Canadian Barney Bentall has produced an immensely likeable album in The Inside Passage. Even on the first listen or two, the tuneful songs and relaxed playing of his band impresses.
Bentall had some success, particularly in Canada, during the 1990s with his band The Legendary Hearts. He’s made a number of solo records since the band split in 2000 and now divides his time between cattle-ranching in British Columbia and making music. Unfortunately, live shows over the past couple of years seem to have been limited to Canada.
The Curst Sons
Brighton-based trio The Curst Sons may have a old-timey, stripped-back style, without drums or bass (they go for cowbells, washboard or rhythm pole instead), but they’re far from understated. This is in-your-face music for a good old singalong stomp, supported by a group of strong songs and Willi Kerr’s unmistakable lead vocals.
Brooks Williams hails from Statesboro, Georgia and has spent the past 23 years travelling between the US and the UK, stopping off at all the places in between, mixing blues, jazz and Americana with his excellent guitar playing. Baby O! is his 17th album and for the first time Williams chose to record it in the UK, where he now lives for part of the year.
With just two albums behind him and a mere five years as a performing artist, Ben Bedford is making a considerable stir amongst those who value the poetry and passion of the classic singer/songwriter. His first UK gig was performed on March 14 in the intimate surrounds of the Twickenham Folk Club to an enthralled audience.
Dave Gunning, from Nova Scotia on Canada’s east coast, explores the theme of a yearning for earlier, simpler times on his seventh album, ranging from a touching elegy to an abandoned small town to seeking a time when pride wasn’t foolish and a man was measured by the weight of his word.
You only need to meet York-based singer-songwriter Mark Wynn once to know what a fan he is of Townes Van Zandt, and listening to this new album that admiration is evident. It’s an album of ramblings (self confessed) and probably isn’t going to be played at too many weddings. That’s not to say it isn’t good, you just need to be in the mood for songs that are mournful with little cheer.
Trouble & Mercy is the sound of six months on the road, as recorded by a weary musician who's seen homelessness from many sides. Canadian Cam Penner describes a world of motels and diners, living in a car, "in the madness of a rich man's town where the poor and elite collide." Trouble & Mercy, he says, is a collection of songs that he "found" along his way, in glimpses of emotions, joy and suffering. "There in the midnight hours, I'd sometimes peel back the gauze and poke it to see if it still hurts," he writes in the sleeve notes.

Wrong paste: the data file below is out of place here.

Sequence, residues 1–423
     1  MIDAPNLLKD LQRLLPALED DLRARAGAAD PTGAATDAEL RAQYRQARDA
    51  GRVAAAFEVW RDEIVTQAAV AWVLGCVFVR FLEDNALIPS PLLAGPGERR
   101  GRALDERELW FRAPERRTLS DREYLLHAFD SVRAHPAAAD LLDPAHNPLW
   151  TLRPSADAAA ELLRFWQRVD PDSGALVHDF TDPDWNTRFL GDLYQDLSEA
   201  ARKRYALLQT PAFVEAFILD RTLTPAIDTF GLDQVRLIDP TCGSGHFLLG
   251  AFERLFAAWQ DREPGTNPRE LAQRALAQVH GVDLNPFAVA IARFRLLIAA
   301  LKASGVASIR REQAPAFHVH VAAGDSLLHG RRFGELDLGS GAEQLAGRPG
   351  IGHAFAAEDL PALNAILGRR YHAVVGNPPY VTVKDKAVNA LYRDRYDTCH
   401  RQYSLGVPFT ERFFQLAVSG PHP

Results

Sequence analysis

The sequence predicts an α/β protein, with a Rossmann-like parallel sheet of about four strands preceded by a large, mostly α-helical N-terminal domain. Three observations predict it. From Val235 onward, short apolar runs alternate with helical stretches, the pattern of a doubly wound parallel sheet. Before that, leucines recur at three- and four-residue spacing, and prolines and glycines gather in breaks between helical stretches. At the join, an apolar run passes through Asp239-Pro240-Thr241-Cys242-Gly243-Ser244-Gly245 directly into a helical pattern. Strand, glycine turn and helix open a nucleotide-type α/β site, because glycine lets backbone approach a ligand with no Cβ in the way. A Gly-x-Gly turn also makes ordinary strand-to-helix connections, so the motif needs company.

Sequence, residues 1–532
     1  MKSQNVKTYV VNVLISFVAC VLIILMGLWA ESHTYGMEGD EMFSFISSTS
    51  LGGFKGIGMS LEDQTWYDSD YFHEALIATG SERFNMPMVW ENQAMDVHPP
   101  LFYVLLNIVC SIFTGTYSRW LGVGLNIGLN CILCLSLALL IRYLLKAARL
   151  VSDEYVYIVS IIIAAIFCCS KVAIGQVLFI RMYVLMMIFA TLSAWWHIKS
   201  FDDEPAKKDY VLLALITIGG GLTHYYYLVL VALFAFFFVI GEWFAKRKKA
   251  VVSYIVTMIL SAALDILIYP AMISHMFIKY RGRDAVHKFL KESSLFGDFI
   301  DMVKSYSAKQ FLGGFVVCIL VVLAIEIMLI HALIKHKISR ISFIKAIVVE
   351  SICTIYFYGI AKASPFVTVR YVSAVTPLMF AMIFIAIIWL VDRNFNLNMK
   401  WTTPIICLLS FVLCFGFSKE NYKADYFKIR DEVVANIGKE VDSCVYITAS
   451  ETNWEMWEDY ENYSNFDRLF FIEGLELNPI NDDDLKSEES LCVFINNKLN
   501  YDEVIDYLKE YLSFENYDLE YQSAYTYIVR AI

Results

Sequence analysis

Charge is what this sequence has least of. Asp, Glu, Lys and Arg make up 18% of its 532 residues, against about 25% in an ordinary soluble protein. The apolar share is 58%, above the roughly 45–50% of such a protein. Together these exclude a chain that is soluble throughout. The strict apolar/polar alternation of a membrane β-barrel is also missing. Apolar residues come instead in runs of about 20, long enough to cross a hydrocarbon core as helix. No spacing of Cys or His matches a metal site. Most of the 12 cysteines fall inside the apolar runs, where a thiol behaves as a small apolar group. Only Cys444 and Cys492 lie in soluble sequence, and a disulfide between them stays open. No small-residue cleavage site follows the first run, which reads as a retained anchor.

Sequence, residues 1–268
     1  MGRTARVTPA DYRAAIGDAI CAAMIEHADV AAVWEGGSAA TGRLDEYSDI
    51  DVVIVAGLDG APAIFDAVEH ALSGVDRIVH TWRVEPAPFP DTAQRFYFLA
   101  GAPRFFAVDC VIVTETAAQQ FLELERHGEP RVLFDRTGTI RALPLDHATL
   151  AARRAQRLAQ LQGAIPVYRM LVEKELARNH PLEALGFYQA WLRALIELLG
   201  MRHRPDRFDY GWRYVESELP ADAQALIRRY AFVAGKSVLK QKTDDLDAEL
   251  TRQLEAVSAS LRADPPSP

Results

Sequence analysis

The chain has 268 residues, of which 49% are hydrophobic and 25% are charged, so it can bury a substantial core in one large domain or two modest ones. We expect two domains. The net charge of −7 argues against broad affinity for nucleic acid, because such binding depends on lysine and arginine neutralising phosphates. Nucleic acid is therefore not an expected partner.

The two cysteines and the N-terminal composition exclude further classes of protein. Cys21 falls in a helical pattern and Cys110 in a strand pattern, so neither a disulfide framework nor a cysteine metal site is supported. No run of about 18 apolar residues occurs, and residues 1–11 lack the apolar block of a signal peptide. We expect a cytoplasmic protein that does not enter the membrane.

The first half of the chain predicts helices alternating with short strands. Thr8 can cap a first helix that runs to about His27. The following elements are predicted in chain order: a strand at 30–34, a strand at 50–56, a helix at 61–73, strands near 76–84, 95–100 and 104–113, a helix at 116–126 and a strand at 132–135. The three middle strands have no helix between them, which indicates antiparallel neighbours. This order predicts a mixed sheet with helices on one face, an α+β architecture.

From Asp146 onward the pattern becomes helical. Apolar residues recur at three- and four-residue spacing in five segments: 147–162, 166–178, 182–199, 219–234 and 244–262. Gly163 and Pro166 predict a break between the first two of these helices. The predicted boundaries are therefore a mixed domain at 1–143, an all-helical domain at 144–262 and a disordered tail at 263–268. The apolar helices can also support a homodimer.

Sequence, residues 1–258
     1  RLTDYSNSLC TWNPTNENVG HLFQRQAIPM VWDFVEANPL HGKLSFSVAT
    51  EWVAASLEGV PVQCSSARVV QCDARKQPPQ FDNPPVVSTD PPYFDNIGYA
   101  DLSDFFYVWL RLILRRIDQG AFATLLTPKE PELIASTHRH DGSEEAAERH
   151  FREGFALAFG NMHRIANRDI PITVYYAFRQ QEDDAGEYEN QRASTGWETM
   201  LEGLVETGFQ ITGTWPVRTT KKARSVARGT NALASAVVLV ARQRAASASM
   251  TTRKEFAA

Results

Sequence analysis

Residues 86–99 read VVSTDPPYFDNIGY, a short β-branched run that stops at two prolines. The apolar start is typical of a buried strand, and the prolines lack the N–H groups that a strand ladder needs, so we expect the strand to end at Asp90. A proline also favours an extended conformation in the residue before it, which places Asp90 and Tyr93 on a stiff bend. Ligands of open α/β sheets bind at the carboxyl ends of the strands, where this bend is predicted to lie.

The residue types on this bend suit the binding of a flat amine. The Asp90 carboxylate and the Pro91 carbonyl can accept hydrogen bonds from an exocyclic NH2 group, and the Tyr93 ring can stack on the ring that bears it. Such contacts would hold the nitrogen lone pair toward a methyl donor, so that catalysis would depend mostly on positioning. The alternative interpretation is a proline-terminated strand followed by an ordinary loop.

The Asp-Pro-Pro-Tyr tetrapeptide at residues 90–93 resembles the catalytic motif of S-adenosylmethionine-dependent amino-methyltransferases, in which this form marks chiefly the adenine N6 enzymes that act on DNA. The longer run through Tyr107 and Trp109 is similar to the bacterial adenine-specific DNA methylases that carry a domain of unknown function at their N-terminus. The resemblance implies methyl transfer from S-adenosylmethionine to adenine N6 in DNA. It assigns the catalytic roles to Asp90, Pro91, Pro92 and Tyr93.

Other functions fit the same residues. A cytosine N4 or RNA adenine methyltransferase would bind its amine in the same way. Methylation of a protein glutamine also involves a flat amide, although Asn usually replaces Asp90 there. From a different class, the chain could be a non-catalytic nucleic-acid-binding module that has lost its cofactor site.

The sleeve notes to Raina Rose's fourth studio album – or should that be her first living room album? – tell the same tale as many of the songs on the album. Having broken up with her boyfriend, a hard-working, free-spirited Oregonian folk singer is on the road, sleeping on friends' floors, writing songs, making music and seeking the perfect environment to make a record.
His guitars and his panoply of hats stowed in the back of his car, Bad Blake, a country great fallen on hard times, is criss-crossing the southwest of the United States, playing in bars and bowling alleys with a different band every night, finding his comfort in whisky and whichever female fan takes his fancy in a series of run-down motels. He has four ex-wives and a son he doesn’t know, while the singer he mentored has a road crew and a bus and doesn’t want to make another album with Blake.
The Coal Porters
Bluegrass bands are often awe-inspiring when seen live but their albums sometimes disappoint and the tracks all sound the same. Not so the Coal Porters.
The long-established, London-based transatlantic band that bills itself as the world’s first alt-bluegrass band has produced 13 songs with strong stories to complement top-rate playing that will get you jigging around your living room.
Gordie Tentrees hails from the Yukon Territory in northern Canada, and his songs possess that slight difference of tone that makes some Canadian artists stick out from the crowd of their U.S. peers. It will surprise no one that he and his band have toured with Fred Eaglesmith, but Tentrees is far from being an Eaglesmith clone.
Lyle Lovett never makes a bad album, and his voice is unmistakeable, so it’s extraordinary how very different one album can sound from another. After his 2007 album that was “large” in every respect – including the title – Natural Forces is a gentler, lyric-heavy offering that should set the tone for Lovett’s solo acoustic tour of Europe this year with John Hiatt.
Some artists make good albums, some are better live, but few really manage to put across on CD the energy and power of a live show. The Wiyos are an exception. Their fourth album, Broken Land Bell, will have you up on your feet and imagining the ukuleles, washboards and megaphones in your living room.